The Washington State Senate heard a bill at the end of January that could fine skiers for entering closed areas. Much of the impetus for the bill came from Crystal Mountain Resort's ski patrol, frustrated at an increase in closed area incidents.
Senate Bill 5186, which was introduced by Senator Jim Kastama, a volunteer ski patroller at Crystal Mountain, was read Jan. 17 and sent to the Senate Committee on Natural Resources and Marine Waters. A hearing, which included testimony from the director of the Crystal Mountain Ski Patrol and other Washington ski resort officials, took place Jan. 24.
Current laws state that skiers and snowboarders may not enter a closed run or area. The new legislation would sink financial teeth into the law by imposing fines up to $1,000 for those who enter closed areas. Ski patrol members witnessing violations would report the incident to the county sheriff to issue a citation.
"I have noticed a trend in people breaking closures at ski areas, and it's gotten worse," Paul Baugher, director of the Crystal Mountain Ski Patrol, told OnTheSnow. "Last spring, we had two instances where people came in on slopes under lit explosives for avalanche control. The individual that broke closure could have been hurt as well as the patroller doing control work."
"We've got to find a way to reverse the trend," he continued. "People look at taking passes as a hand slap."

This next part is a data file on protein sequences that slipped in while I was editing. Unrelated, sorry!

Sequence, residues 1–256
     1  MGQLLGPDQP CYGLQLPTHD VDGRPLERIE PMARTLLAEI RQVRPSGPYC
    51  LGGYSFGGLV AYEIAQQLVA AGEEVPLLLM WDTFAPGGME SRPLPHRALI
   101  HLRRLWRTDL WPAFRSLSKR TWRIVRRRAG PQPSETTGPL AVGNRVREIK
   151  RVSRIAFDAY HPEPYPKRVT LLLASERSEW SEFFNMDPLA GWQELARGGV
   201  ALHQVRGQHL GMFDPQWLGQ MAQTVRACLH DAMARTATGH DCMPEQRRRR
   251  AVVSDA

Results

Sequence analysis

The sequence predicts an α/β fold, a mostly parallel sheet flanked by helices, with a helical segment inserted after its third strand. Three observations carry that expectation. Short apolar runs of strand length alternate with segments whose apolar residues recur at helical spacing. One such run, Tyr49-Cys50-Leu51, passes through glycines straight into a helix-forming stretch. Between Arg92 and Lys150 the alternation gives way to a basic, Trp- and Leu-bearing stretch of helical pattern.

Senator Kastama's press release put the frustration into different words: "There are too many folks out there who think they're in a Warren Miller movie. They want to go places where danger is clearly a factor. It's irresponsible, it put lives at risk, and it has to stop." Kastama may see imitating movies as driving force in skiers busting into closed areas, but Baugher sees other factors, too. "I think people just have a lot of ability to discount risk," said Baugher. "The equipment is better than it used to be, and some people just think that areas are closed for reasons that don't matter to them."
Crystal Mountain is one ski resort in Washington State with several permanently closed areas, but it does open gates into backcountry areas when conditions permit. Baugher clarified the position of the ski resorts in his presentation to the committee, by saying, "We are not trying to close our boundaries."